Cherry Hill, NJ (PRWEB) August 10, 2007
After ten years of rapid but steady growth, property prices in Barcelona are lower than they were at the beginning of the year. Does this indicate a dramatic market crash, or just a sign of settling down?
Research into the second quarter of 2007, conducted by Spanish property information portal Idealista, reveals that the price of property in Barcelona city and it's surrounding municipalities have dropped by an average of 1.3%.
The report, The Quarterly Evolution of Resale Home Prices, details the findings of a survey sample of 10,689 homes in Barcelona, roughly half of which are located in the city centre, with the other half located in 21 surrounding municipalities of the city. The analysis was conducted on a mixture of private sale figures and those reported by real estate professionals.
The results place the average price per square meter of property in Barcelona at 4,285 euros compared to 4,888 euros as shown in the same report covering until the end of March, earlier this year.
While prices fell in all areas covered by the survey, the Les Corts district showed the most dramatic drop of 3.2%. Four other districts in the city showed a drop in excess of one percent, those being Ciutat Vella, Eixample, Sant Martí and Horta Guinardó. The most exclusive area of the city, Sarrià- Sant Gervasi, reported the lowest fall at a figure of 0.2%.
Reports in the press, particularly from Great Britain, are reporting these figures as early evidence of a market crash, set to ruin the future stability of Barcelona's property industry and jeopardise the return on investment for local and foreign citizens who have chosen to invest in property in the Catalan capital.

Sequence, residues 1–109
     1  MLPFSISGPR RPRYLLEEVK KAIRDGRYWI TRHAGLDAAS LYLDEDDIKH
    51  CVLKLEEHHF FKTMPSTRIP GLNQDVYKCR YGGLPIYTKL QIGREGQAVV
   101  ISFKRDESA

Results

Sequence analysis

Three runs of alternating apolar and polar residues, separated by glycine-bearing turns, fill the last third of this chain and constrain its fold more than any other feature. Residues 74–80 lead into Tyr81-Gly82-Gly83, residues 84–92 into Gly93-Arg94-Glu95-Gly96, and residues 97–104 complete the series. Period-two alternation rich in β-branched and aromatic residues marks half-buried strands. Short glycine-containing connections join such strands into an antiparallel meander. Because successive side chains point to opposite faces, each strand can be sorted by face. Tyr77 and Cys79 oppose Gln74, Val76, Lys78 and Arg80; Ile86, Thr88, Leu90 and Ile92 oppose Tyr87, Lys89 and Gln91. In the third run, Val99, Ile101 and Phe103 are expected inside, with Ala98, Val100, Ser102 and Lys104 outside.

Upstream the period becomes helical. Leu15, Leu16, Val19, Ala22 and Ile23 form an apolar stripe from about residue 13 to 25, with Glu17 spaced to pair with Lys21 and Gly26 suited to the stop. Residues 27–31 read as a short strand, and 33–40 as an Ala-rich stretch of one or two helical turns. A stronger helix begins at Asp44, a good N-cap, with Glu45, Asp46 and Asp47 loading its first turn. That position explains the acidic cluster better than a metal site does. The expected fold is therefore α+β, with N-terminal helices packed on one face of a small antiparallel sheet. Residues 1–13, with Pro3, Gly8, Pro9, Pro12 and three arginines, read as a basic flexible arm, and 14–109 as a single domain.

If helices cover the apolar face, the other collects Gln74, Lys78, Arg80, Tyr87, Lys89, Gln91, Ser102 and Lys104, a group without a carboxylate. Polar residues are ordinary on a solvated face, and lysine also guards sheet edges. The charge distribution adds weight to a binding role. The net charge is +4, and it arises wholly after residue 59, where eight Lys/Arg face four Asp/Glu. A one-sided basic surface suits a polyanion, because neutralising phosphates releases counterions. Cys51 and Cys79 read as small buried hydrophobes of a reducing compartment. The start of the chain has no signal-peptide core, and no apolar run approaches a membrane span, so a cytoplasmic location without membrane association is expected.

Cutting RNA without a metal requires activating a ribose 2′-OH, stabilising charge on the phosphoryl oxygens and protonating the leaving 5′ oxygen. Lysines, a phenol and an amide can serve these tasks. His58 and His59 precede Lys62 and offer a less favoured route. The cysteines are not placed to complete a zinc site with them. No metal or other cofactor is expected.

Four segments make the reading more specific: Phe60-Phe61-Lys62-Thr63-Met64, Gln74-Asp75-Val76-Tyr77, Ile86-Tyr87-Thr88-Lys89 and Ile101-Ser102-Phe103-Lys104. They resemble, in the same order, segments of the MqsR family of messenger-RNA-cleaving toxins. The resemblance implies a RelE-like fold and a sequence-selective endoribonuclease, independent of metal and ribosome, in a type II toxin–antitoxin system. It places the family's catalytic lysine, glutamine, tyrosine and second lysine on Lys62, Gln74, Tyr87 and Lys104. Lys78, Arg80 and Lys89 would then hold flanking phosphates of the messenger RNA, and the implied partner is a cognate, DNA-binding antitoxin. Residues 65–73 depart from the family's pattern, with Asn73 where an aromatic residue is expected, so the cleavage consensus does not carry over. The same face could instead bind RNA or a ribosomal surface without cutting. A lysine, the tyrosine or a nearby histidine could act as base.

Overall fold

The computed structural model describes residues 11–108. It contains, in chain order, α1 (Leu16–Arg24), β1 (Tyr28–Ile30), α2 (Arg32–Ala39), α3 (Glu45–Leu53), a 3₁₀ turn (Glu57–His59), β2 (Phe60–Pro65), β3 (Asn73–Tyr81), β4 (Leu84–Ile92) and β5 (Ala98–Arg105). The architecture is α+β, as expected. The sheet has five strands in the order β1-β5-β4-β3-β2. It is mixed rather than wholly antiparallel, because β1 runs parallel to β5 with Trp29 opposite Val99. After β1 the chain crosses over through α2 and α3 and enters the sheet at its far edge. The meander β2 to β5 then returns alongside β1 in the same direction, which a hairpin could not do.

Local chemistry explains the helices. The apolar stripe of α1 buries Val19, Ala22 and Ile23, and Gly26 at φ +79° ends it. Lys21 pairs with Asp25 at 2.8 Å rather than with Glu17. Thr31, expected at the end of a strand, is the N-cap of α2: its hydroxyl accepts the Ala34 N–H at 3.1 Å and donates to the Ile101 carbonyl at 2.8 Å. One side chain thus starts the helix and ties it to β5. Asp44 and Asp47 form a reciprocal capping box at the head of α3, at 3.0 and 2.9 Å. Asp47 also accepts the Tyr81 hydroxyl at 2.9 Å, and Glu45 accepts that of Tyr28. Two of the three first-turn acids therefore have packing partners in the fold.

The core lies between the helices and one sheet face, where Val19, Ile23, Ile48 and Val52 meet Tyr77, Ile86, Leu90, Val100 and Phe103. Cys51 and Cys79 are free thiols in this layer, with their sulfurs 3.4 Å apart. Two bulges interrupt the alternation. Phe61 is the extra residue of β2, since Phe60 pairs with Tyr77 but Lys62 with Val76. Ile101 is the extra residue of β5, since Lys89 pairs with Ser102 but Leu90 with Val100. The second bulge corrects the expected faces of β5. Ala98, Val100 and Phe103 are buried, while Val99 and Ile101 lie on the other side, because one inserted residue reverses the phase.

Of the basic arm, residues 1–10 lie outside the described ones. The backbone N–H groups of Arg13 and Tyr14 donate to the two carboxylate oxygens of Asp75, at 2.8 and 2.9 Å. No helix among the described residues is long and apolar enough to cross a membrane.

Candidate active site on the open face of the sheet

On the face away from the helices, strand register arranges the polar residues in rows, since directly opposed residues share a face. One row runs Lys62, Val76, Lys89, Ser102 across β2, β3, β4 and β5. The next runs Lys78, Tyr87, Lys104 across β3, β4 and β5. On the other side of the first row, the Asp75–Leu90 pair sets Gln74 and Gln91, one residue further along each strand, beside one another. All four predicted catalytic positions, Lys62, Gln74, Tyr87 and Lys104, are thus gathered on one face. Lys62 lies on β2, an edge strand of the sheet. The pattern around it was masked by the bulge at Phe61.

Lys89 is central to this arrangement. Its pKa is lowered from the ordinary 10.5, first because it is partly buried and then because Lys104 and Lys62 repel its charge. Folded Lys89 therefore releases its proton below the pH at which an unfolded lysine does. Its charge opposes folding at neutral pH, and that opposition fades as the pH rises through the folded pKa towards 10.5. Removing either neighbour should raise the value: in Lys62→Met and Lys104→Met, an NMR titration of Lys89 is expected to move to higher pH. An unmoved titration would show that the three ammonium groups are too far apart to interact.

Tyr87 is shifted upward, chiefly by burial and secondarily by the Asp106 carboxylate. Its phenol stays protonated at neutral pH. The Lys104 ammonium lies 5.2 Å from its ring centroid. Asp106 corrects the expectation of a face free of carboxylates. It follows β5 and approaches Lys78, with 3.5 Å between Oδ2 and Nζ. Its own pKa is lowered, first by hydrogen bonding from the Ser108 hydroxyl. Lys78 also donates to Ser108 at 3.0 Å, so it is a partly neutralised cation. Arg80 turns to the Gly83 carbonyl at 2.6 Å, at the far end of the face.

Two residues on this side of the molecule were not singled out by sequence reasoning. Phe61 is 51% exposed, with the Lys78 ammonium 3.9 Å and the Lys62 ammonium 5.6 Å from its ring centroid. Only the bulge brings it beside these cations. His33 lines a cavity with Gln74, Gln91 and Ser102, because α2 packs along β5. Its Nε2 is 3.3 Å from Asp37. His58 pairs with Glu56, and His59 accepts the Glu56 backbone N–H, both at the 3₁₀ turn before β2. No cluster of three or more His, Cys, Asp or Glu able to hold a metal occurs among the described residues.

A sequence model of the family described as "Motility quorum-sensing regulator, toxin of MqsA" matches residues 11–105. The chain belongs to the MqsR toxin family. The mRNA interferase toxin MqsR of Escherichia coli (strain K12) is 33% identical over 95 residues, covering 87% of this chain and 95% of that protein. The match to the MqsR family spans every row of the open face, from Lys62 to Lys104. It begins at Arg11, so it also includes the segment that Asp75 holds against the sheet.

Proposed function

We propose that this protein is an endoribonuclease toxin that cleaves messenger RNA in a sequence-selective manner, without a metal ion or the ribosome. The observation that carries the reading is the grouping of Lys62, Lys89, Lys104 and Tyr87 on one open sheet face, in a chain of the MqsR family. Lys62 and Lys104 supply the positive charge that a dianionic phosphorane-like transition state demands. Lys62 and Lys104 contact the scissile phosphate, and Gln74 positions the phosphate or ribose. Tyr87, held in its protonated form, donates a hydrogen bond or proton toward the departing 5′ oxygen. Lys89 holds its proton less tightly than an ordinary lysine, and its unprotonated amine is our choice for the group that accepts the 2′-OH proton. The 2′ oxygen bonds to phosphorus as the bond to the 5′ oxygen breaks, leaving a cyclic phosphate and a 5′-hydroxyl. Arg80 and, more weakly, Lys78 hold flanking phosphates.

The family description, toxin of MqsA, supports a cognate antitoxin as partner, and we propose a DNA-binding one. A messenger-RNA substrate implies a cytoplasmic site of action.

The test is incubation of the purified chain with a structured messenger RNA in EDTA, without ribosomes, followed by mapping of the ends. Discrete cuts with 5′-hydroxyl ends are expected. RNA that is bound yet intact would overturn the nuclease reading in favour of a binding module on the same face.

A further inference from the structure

But other sources such as Spanish Property Insight, seem to feel that it is a little early to panic: 'The certainties of Spain's property boom are over, but what takes its place- a soft landing or something less agreeable- is far from certain.'
SPI acknowledges that the market appears to be entering a cooling off period, indicated not just by a decrease in prices but also by an increase in selling time and more instances of price negotiations in the current market, however it feels that these recent figures aren't necessarily a cause for panic.
One factor highlighted by SPI as likely to have a direct impact on the markets future is foreign investment. Considering the many factors that make Barcelona so attractive, such as a stable economy, favorable climate, cultural richness and natural beauty, these recent figures are unlikely to affect a foreign investors interest in the city.
Prices may for now, be slightly lower than they have been in the past, but they are hardly likely to influence the appeal of Barcelona as an excellent location for a holiday home or investment property, if recent increases of tourist numbers are anything to go by.
SPI also cites figures from Barcelona's Municipal Government indicating that figures from the last ten years show a favourable overall increase of 215%, even more so in the old areas of town, by as much as 350%.
What's encouraging about this, is the fact that most of the increase has occurred in the last six years. Perhaps this could provide investors with a hint of optimism for the six yet to come? Time will surely tell.